Fiction: Occupy Baltimore by CL Bledsoe

 

            They made their way out of the parking deck into the frigid air. Henry dawdled at the rear behind the other half-dozen or so of his coworkers so he could watch some of the women in the group as their legs moved in their skirts.

            “I never used to pay for parking,” Kevin, one of the other members of the group, said.

            “The way I figure it,” Henry said, “I’m old enough, now, that I don’t mind paying for

convenience.”

            “Besides, we don’t want to be late,” one of the women said.

            “God forbid we’re late to the keynote speaker. They might not let us in the conference! We might have to spend the day at Miss Shirley’s!” Henry said, mock-seriously. “Or maybe go do something worthwhile,” he added.

            No one responded. Henry sighed as they all trudged along the street. His eyes moved from one of his female coworkers to the other. Soon, he grew bored and glanced along the streets as they passed. They were near the inner harbor. The air was choppy and frigid; he smelled snow. They’d gotten a couple inches the previous weekend. He could see his breath. There were a few other people walking briskly beside the heavily trafficked road. He heard a murmur from one of his coworkers and glanced to the front. Ahead, past the next streetlight, he saw several tents huddled in a bit of green.

            “What’s that?” he asked, but the light changed, and no one answered as they all rushed to cross.

            There were hand-lettered signs with political slogans in a pile near the tents. Through the thin nylon of some of the tents, they could see people moving. Some tents were sporty, professional-looking; others were ramshackle assemblages of wood and tarpaulin. There was a booth with a sign that read “Information” and others that offered goods and jewelry. One claimed to be a lending library. A couple people stood aimlessly in the makeshift community; they looked as though they’d just woken up. Henry was surprised that one of them was an older man with a thick, graying beard. Another was a young African American. There were a couple women.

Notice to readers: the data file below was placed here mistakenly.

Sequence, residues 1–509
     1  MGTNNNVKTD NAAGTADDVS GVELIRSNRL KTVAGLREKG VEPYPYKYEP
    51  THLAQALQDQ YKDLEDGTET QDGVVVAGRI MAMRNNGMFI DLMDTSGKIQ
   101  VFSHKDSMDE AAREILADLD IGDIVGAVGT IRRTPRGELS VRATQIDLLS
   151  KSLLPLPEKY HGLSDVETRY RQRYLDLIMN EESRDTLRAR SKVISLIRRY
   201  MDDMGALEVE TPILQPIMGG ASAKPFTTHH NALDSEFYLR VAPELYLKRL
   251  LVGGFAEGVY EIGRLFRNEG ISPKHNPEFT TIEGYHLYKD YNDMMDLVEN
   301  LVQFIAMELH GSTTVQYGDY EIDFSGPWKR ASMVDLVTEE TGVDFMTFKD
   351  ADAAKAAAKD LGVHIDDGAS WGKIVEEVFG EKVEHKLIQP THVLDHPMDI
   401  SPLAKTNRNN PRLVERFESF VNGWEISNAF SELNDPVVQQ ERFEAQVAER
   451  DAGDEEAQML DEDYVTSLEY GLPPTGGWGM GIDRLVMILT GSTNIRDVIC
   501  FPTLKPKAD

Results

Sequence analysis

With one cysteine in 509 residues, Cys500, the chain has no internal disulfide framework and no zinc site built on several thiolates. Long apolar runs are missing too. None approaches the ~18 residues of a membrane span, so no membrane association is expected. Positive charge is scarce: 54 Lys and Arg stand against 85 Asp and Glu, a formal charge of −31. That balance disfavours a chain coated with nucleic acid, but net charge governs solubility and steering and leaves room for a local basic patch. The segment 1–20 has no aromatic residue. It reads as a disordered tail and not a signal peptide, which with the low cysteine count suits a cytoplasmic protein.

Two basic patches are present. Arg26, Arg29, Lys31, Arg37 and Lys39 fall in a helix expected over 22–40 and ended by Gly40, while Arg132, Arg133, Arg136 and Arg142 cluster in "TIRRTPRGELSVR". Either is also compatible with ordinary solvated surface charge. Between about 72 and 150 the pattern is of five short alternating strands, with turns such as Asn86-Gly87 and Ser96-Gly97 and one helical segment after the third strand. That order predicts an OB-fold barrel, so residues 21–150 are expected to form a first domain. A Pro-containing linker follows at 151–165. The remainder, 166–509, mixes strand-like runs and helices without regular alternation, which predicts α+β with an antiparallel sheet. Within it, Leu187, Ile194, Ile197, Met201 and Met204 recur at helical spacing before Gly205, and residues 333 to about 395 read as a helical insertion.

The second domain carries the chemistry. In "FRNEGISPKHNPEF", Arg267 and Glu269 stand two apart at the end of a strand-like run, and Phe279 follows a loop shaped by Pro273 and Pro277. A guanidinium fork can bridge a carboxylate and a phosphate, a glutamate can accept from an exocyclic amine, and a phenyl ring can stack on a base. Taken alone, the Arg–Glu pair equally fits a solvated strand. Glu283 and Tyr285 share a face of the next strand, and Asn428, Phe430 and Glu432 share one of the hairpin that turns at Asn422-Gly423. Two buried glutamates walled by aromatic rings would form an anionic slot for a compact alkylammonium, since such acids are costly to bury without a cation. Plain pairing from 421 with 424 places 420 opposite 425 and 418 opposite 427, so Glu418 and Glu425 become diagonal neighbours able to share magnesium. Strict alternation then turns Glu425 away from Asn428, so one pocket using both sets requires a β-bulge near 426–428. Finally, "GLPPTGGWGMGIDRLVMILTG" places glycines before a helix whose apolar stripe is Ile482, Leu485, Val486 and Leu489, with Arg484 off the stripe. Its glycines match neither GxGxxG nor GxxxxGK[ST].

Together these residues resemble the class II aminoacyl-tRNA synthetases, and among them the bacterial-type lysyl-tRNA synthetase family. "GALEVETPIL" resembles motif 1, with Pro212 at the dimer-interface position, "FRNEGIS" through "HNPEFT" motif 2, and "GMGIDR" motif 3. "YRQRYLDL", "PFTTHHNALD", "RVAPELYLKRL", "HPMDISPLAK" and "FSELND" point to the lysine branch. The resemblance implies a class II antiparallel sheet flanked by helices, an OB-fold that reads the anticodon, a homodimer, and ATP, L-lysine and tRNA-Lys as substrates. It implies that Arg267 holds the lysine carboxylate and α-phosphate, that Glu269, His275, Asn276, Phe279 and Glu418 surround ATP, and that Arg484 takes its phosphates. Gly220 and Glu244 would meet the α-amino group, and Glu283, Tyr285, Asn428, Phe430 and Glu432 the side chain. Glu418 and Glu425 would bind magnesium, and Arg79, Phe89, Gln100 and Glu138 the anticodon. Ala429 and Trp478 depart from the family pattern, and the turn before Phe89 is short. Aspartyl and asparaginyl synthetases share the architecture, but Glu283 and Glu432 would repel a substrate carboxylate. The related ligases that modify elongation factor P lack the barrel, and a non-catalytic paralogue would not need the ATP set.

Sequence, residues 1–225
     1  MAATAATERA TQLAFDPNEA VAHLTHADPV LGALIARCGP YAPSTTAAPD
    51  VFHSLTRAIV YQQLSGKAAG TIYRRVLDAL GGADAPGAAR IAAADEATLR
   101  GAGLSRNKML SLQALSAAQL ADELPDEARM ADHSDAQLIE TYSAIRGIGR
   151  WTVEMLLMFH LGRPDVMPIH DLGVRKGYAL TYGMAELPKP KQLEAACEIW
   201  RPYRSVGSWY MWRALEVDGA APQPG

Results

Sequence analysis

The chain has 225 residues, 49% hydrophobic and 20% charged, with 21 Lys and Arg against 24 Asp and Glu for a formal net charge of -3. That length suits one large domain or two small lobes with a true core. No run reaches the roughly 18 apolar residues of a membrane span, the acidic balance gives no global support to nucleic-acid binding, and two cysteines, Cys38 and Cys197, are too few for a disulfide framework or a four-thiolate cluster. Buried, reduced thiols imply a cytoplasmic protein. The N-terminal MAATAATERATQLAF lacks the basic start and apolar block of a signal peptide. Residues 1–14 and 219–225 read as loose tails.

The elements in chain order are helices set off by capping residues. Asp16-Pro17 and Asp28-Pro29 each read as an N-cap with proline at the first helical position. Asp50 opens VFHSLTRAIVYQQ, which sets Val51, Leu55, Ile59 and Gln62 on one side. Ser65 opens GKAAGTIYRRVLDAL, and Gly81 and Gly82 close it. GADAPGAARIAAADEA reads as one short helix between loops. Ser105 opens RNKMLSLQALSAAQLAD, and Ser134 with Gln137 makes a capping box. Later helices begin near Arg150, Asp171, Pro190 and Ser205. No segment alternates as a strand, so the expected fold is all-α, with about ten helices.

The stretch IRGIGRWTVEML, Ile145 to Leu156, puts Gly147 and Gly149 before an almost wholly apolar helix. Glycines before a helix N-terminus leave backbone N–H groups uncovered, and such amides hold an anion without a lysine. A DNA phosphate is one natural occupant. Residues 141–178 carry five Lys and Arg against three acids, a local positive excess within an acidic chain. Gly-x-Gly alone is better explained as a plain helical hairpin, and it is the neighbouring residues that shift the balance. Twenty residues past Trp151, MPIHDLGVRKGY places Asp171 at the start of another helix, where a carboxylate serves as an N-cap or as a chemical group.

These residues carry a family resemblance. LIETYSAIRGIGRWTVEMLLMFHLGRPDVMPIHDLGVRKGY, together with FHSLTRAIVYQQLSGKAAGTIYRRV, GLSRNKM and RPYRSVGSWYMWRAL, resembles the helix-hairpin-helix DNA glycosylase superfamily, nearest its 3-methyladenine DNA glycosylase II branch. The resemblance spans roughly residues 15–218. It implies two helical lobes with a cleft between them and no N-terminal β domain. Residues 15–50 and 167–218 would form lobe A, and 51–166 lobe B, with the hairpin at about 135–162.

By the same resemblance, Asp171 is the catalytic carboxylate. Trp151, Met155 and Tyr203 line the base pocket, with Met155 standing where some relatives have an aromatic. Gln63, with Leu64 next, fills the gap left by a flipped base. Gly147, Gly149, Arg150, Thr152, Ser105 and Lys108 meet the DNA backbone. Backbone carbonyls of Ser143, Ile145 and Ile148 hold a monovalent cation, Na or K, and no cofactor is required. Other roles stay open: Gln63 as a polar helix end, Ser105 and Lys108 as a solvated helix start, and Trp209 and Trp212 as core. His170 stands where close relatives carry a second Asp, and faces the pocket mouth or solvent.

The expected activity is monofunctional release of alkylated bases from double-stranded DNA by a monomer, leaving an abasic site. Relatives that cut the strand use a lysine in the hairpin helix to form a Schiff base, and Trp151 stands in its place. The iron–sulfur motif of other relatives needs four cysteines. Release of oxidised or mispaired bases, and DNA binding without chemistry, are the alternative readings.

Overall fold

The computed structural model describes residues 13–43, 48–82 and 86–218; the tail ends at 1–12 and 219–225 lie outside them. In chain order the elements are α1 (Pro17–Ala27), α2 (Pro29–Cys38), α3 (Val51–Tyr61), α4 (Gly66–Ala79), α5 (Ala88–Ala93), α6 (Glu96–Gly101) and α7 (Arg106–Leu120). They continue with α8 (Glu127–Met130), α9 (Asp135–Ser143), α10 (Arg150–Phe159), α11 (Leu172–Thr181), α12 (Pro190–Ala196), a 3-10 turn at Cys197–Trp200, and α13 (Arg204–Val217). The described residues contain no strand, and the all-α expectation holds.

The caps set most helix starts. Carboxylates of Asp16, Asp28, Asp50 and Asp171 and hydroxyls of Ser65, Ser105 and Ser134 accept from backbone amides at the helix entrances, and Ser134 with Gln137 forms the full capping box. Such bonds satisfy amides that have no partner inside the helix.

“I didn’t expect to see so many of them,” Mary, one of the older women in the group, said.

            “It’s a shame, because the movement is doomed,” Kevin said.

            “At least they’re doing something,” one of the younger women said.

            They continued chattering as they walked, but Henry quickly tuned them out. He kept glancing over his shoulder as the protestors woke and began to assemble. And then his group turned a corner and the tent-city was gone.

*          *          *

            They barely made the keynote speaker, but it didn’t matter, because he gave the same talk they’d seen on the video back at the office. After that, they broke into separate groups to attend the various workshops their manager had signed them up for. Henry sat in the back of his group for both of the ones before lunch, his eyes shifting from the back of one head to the next, his thoughts going back to the tent city.

            They gathered for lunch at a bar a little down and across the street. Henry’s coworkers talked about their workshops, complaints about work.

            “You know it snowed last weekend,” Henry said, apropos of nothing.